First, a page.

Bond Issue - A Better Deal?

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An entity wishes to invest in a $50 Million dollar property improvement within the Village of Greenhills.  The schedule of construction would be over 3 to 4 years, bringing local workers (some possibly from here in the Village) into the Village and frequent local businesses.  At the end of construction, the number of employees of this entity would double and thereby increase income tax receipts to the Village by approximately $60,000-$70,000 per year.  This entity is currently the largest employer in the Village.

Where funding for this project was previously only a 1/3 of the $50 Million was coming from the State, now 50% of the project funding is coming from the State of Ohio.  The cost to an individual taxpayer annually has gone down from the previous bond issue.  As before, the cost to operate these new structures will be less than the present facilities.  The new facilities will be more functional toward actual needs and able to address the increase of students that the entity is now experiencing.

Edited by WWWarrior

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Posted · Report post

Would the $60,000 to $70,000 in increased tax revenue to Greenhills mean an equivalent loss to the tax revenue of Springfield Township? 

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The recent JEDZ zones passed by Township voters does pull income from Primary South and also the Bus Garage, (the garage stays put).  The majority of the new staff would be coming from the two FP schools.  There would also be some loss there to FP, but they would gain by the 7-8 grade staff moving there.  Frankly, I was only looking at it from a Village viewpoint.

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Are you saying the Bus Garage stays put, or are you saying that both Primary South and the Bus Garage stay put?  (Obviously, PS wouldn't stay put as PS, but it could stay put as offices or some other resource.)  It makes sense that you were looking at it from a Village standpoint - I was looking at it from a broader standpoint.  If you take from the township to give to the village, you're going to lose township votes.  While the majority of the new staff may come from the FP buildings, that is being offset by the staff moving from the current MS in Greenhills to the new MS in Forest Park.  So it appears the real loss is in the township.  Is that a fair statement, in your opinion?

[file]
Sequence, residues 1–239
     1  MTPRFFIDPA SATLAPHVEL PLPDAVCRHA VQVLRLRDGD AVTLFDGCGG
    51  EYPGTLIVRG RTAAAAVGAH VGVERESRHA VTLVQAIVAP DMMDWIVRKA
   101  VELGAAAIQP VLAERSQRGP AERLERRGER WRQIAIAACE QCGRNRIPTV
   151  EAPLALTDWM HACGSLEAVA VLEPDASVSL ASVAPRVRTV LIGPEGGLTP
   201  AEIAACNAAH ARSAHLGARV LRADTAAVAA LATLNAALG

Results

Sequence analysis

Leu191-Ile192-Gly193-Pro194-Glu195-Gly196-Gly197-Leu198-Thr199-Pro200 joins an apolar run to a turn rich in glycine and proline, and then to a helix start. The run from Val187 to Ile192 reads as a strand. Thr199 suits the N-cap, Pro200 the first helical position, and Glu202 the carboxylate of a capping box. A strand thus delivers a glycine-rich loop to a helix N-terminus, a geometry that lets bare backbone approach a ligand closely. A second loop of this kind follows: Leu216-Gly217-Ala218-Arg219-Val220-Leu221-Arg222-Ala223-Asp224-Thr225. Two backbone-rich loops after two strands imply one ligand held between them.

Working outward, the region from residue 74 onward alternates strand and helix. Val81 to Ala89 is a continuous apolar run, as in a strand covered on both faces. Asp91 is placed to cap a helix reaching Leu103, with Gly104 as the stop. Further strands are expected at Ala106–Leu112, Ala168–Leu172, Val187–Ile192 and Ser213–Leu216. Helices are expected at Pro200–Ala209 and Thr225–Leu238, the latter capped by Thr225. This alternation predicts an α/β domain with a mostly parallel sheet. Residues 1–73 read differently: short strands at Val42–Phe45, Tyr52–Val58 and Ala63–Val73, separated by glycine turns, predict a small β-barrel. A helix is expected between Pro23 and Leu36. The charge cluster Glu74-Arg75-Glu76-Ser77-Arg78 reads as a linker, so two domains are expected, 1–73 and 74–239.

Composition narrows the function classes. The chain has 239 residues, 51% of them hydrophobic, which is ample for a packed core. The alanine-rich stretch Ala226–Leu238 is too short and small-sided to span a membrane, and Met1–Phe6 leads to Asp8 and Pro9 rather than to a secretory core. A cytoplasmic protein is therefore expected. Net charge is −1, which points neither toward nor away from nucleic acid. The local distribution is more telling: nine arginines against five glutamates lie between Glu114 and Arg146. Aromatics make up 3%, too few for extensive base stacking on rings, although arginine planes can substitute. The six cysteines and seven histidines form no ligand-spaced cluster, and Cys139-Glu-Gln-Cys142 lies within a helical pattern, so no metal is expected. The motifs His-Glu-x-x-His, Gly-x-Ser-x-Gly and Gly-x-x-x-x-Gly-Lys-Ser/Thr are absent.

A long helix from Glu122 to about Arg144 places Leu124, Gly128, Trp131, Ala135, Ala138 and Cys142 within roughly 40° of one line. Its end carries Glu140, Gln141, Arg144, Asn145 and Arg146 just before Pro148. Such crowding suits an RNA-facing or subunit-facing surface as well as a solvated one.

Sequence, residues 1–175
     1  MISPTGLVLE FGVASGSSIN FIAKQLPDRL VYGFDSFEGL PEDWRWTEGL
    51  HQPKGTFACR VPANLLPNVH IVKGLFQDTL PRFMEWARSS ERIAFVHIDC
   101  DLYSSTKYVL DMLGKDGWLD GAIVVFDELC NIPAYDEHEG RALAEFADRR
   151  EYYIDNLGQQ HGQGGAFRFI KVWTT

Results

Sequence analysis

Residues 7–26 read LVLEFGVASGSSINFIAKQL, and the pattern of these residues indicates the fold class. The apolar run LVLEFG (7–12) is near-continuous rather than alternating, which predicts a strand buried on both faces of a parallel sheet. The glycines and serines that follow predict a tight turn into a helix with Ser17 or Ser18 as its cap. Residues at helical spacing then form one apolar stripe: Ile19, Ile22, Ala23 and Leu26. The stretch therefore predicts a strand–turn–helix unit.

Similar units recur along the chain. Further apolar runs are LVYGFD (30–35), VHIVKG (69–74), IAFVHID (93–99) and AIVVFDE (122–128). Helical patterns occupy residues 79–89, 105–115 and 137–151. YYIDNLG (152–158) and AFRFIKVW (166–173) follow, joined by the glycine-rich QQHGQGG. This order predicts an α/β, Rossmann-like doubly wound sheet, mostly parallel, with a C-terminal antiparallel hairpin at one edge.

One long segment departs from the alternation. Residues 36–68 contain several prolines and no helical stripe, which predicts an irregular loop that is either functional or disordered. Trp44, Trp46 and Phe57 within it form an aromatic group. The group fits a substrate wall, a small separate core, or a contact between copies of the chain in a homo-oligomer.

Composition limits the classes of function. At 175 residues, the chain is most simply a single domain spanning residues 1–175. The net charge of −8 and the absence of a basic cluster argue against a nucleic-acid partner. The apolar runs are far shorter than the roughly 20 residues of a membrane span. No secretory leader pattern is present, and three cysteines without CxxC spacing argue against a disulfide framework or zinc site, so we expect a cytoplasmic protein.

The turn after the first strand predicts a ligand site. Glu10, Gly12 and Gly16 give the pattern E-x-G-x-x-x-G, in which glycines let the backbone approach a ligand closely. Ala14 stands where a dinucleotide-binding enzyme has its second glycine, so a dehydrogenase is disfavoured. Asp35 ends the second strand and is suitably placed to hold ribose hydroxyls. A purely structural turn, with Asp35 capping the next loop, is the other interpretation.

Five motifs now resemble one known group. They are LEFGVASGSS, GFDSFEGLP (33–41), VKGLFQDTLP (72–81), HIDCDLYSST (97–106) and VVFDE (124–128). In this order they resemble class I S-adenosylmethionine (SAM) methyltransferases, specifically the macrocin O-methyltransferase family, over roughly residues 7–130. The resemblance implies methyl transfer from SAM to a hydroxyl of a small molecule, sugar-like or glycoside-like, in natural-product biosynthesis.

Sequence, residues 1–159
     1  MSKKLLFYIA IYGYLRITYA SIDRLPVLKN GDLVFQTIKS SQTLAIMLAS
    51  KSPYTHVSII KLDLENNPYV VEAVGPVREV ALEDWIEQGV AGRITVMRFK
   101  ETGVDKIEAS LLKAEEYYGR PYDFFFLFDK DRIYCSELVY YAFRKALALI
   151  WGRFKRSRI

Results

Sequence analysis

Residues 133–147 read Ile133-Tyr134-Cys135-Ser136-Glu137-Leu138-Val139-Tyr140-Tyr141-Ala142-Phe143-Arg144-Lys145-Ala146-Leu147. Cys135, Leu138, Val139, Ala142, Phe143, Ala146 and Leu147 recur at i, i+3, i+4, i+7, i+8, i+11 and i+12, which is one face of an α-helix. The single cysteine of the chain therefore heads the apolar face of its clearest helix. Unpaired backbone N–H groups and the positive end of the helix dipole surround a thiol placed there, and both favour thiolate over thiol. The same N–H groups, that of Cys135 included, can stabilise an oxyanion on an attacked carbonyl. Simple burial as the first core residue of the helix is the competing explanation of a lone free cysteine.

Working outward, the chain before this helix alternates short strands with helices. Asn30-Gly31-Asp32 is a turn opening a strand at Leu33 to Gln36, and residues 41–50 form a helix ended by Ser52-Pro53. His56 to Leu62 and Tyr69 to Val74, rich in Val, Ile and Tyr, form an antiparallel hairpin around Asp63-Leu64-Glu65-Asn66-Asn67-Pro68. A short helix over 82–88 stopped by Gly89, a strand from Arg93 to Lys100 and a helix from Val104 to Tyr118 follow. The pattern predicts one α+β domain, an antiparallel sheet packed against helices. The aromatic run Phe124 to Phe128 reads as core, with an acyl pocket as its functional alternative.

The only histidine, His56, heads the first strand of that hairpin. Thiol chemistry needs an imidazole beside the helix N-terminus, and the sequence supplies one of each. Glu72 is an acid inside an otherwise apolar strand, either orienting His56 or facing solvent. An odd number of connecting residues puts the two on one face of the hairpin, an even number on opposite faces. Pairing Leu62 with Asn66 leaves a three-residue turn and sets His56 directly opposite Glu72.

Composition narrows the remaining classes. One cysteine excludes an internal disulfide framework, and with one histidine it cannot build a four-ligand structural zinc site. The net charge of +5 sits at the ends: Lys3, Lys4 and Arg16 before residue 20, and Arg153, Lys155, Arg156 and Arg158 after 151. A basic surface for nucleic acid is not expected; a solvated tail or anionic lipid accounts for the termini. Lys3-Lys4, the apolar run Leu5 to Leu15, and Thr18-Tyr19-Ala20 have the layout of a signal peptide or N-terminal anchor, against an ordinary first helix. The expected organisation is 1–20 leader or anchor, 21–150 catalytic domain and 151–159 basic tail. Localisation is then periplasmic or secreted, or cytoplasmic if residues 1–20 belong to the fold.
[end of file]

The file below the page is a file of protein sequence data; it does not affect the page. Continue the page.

Currently, how many are employed at PS?  All those positions would be moving to Greenhills, which is a reason for GH residents to vote for it, but it's also a reason for township residents to vote against it, as the township would lose its connection to the district, unless there's a plan in place to utilize the old PS building.  Is there such a plan?

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The plan for two, new school building campuses are  defined as PreK- 6th grade located at the current Middle School in Greenhills and the second campus would be 7-12th grade located at current High School. The Community Building would continue to serve the district for a variety of uses.  This plan for two school campuses was the recommendation by the 2012 WWSCD Facilities Advisory Team comprised of 32 members representing parents, school, community and business leaders. 

The exact design of schools has not been commissioned yet for a variety of reasons. Funding must be secured before paying for designs and also a definite design would be premature without much needed input from our communities, parents and other stakeholders. Ohio has very specific guidelines and formulas for school construction that guide this project based upon the 700 schools built under this co- funding process.   Plus there may be huge potential for the district to coordinate partnerships with other agencies and entities which further strengthens our investment.  

Once this bond passes, the specific plans for vacated property would be formulated and would require the decision of the school board to implement .This would also be part of the community engagement process regarding design of new campuses. 

PS- Regarding the question of Primary South property, the school district does own Helwig park adjacent to  the Primary South School and in a long time partnership with Springfield Township, rents the use of these facilities to Springfield Township for $1 year.   There are also district bus facilities located there, as well, but again any decision about these or any other facilities would be a school board decision.   

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Are you saying the Bus Garage stays put, or are you saying that both Primary South and the Bus Garage stay put?  (Obviously, PS wouldn't stay put as PS, but it could stay put as offices or some other resource.)  It makes sense that you were looking at it from a Village standpoint - I was looking at it from a broader standpoint.  If you take from the township to give to the village, you're going to lose township votes.  While the majority of the new staff may come from the FP buildings, that is being offset by the staff moving from the current MS in Greenhills to the new MS in Forest Park.  So it appears the real loss is in the township.  Is that a fair statement, in your opinion?